The bet that Animal Kingdom makes is that audiences wont be sated by the extravagant vulgarity of Underbelly and will be prepared to come out to the movies to see something resembling a film a clef about another notorious piece of Melbourne’s criminal past. It shares one interesting element with The Wire. The most odious characters are neither the criminals nor the police but the lawyers. In The Wire the character who most makes your blood boil as he efficiently, and for high fees, frees his criminal clients from jail, turns a blind eye to gangland executions and exploits every loophole is the egregious lawyer who cheerfully gets his clients off a host of major violent crimes. In Animal Kingdom we accept gangland executions, revenge killings of and by police, the murder of a child, but we find really disgusting the amoral behaviour of the solicitor Ezra White, portrayed as a man of straightforward, nothing surprises me, efficiency by Dan Wyllie and, even worse, the smiling female criminal barrister who get their clients off. It’s an interesting turn of events. Somehow the notion of watching criminals do what they do has always been fascinating and touches something in us that admires slippery behaviour even when it’s violent. Watching lawyers go about their legitimate business of defending the interests of their crooked and violent clients is stomach turning.
The character of Pope (Ben Mendelsohn) also has some elements of interest. In a couple of scenes his psychopathic side gets a run through. The murder of the girl/child of course is one but at other times such as the scene where he meets his brother in the supermarket or harasses his brother Darren with questions as to whether he’s gay you get just a touch of a sense of the obsessive. The questions to the ‘gay’ brother are done in an outwardly friendly way along the lines of I don’t mind one way or the other but I just want to know but, like all psychopathic behaviour, Pope doesn’t know when to stop. But the scene ends with a whimper. It’s hard to know just how much Ben Mendelsohn’s performance throttles this aspect of Pope’s behaviour. Mendelsohn is not the sort of actor you cast when you are looking for someone whose mere demeanour can convey threat or menace. David Wenham has dibs on that trope but he’s already been there and much more effectively.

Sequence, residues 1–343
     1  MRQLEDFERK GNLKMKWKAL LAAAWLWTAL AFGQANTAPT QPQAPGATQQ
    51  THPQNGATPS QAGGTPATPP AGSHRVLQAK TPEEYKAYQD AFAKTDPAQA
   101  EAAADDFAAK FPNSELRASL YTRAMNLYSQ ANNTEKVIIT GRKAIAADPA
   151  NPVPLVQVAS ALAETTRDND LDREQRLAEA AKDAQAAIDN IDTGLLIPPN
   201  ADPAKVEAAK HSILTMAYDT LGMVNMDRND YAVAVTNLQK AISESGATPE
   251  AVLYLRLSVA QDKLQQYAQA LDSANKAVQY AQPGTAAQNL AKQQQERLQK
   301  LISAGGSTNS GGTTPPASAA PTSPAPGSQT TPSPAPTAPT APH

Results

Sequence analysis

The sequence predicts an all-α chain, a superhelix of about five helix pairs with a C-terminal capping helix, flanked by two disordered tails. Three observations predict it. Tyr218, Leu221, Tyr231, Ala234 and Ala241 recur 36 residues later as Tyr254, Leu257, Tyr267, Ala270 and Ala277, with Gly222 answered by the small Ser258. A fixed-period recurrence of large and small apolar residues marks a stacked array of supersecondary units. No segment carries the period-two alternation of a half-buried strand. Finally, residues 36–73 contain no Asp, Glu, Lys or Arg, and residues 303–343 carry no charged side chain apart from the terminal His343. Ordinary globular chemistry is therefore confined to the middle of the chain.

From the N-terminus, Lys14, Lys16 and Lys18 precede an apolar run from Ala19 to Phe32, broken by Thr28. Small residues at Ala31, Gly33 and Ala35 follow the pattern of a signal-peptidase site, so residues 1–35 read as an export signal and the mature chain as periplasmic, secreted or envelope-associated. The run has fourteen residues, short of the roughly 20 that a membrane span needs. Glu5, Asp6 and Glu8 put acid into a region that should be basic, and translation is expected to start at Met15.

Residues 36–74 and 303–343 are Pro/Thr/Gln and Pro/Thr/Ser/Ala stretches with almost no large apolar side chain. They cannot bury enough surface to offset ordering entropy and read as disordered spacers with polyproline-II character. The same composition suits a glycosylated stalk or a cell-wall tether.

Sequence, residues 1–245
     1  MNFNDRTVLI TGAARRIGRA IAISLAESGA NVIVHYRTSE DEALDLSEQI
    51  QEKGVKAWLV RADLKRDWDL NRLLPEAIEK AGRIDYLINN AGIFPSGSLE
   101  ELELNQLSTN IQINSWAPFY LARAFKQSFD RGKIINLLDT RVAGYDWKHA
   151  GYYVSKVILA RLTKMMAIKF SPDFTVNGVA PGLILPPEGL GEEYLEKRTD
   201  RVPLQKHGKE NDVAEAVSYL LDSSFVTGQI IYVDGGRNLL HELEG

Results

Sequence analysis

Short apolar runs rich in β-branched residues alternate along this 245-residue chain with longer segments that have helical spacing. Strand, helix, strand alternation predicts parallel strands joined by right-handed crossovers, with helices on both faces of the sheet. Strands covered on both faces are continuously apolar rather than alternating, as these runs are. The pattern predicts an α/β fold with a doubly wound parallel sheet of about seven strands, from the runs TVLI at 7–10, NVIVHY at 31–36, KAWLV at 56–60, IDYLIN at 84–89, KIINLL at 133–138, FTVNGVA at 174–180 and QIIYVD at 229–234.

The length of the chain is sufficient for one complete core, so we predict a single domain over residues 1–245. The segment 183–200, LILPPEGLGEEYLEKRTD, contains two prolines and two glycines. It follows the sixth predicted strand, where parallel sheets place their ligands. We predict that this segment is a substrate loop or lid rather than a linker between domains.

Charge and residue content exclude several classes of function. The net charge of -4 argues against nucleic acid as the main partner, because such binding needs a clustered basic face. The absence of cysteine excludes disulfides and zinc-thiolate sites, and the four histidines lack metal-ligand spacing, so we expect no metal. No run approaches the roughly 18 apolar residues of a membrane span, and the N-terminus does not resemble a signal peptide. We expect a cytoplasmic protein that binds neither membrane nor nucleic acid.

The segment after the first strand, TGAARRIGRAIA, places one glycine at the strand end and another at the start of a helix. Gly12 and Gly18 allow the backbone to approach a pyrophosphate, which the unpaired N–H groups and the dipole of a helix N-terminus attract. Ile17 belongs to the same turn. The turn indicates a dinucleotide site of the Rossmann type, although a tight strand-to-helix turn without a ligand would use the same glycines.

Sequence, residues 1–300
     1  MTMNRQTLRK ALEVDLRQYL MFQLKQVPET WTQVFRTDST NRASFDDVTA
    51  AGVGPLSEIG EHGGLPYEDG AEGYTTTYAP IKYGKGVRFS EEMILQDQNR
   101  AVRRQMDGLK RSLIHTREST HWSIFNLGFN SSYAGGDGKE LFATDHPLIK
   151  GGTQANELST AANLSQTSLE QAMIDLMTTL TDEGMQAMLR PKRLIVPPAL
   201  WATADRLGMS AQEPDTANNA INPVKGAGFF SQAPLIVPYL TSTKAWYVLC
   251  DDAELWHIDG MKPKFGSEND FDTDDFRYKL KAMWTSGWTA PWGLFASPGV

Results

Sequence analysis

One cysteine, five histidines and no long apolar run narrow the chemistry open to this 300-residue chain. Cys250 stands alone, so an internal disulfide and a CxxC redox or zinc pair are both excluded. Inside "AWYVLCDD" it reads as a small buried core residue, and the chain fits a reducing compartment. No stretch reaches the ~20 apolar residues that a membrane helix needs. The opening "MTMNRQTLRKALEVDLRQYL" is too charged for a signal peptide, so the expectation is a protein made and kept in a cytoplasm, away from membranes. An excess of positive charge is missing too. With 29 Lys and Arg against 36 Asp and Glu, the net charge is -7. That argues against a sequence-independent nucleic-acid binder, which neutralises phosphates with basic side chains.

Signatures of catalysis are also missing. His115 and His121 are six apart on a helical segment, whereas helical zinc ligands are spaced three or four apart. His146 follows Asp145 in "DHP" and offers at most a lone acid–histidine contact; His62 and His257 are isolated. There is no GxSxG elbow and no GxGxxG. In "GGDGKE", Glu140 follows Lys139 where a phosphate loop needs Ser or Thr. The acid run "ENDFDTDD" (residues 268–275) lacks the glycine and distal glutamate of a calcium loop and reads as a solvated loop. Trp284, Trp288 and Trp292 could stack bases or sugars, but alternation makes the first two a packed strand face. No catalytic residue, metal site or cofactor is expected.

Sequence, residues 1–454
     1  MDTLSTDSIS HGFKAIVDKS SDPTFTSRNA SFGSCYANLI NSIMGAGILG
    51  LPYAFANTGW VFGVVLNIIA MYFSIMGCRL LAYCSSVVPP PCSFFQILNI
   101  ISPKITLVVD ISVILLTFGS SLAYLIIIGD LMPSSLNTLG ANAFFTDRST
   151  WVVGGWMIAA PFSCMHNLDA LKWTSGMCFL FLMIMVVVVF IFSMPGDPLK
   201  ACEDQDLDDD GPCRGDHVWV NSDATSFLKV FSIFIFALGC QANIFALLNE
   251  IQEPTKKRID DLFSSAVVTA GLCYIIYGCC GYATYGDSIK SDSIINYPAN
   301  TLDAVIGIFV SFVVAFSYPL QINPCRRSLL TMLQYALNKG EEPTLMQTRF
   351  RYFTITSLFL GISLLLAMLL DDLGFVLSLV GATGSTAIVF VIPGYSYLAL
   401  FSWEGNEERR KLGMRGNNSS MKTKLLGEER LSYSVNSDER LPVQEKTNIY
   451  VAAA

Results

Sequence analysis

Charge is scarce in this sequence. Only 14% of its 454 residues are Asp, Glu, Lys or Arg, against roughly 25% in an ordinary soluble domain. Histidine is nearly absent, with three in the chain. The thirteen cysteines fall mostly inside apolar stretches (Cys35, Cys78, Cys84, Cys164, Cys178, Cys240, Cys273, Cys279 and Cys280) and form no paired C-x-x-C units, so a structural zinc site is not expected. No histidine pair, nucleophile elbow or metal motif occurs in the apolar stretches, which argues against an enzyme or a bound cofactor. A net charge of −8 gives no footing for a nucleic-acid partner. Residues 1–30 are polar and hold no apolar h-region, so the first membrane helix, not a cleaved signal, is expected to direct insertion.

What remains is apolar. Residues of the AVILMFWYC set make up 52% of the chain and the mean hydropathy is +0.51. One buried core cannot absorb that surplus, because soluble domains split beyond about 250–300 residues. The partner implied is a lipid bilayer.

The best Oz feature film to delve into the domestic lives of the criminal underclass remains Rowan Wood’s The Boys. That was a film where the sons, at least all bar John Polson’s wimp, could turn violent at a moment’s notice and you believed it. Fuelled by drugs and life choices, they were far more animalistic than the relatively ‘sane’ family here where only one mad dog, Craig, stands in for the uncontrolled and impulsive. Michod actually seems to want to emphasise the ‘nice’ suburban nature of the family, carefully setting his action in houses set among quiet tree lined streets.
The image we have of the criminal and police classes in the noughts is physical similarity. The crims, at least the Williams and Morans who appear in the paper are all overweight as if they have too much time to sit around at home eating or in cafes drinking cappuccinos. Policemen today, especially detectives in suits, are rotund and have round bald heads as if they have been over fed on too many late night Chinese noshups. (Even Mel Gibson in Edge of Darkness has a paunch.) Or maybe with the cops at least somewhere there’s my memory trace of watching sixty hours of The Wire and seeing the police team dominated by guys like Bunk or the Sergeant or even McNulty who just eat and drink too much. (Except of course for the magnificent musculature of Lance Reddick as Daniels who gets to show off his pecs and abs at regular intervals, especially after he leaves his ambitious wife and takes up with the ambitious prosecutor.) In Animal Kingdom the ultra wiry Guy Pearce’s only nod to cop normality is a poorly cultivated moustache.
The one character/performance that is note perfect is that of James Frecheville as Josh. He captures perfectly male teenage hesitancy, insecurity, inarticulacy, diffidence and an ability to bottle up all the emotion. His hunching of his shoulders and downcast look has an exactitude about it that one hopes springs from great acting. In one so young it is remarkable to see.
Otherwise David Michod’s mise-en-scene is fairly lacklustre in giving his quite engrossing script any extra oomph. The scene where Josh runs away from Pope, begs a lift and, just as we think he might be getting away, has the car slammed, is done as near to blandly as you’ll ever see from a director who presumably has misspent his youth, like all others of his generation, watching Scorsese and David Lynch pictures. You have to wonder whether TV shooting styles, fear, good taste or simple reticence produced such a damp squib moment. It just moves the story along rather than giving some rawness and visceral excitement of the kind you find in the French Mesrine diptych for instance. Which I guess is about where the film mostly lands.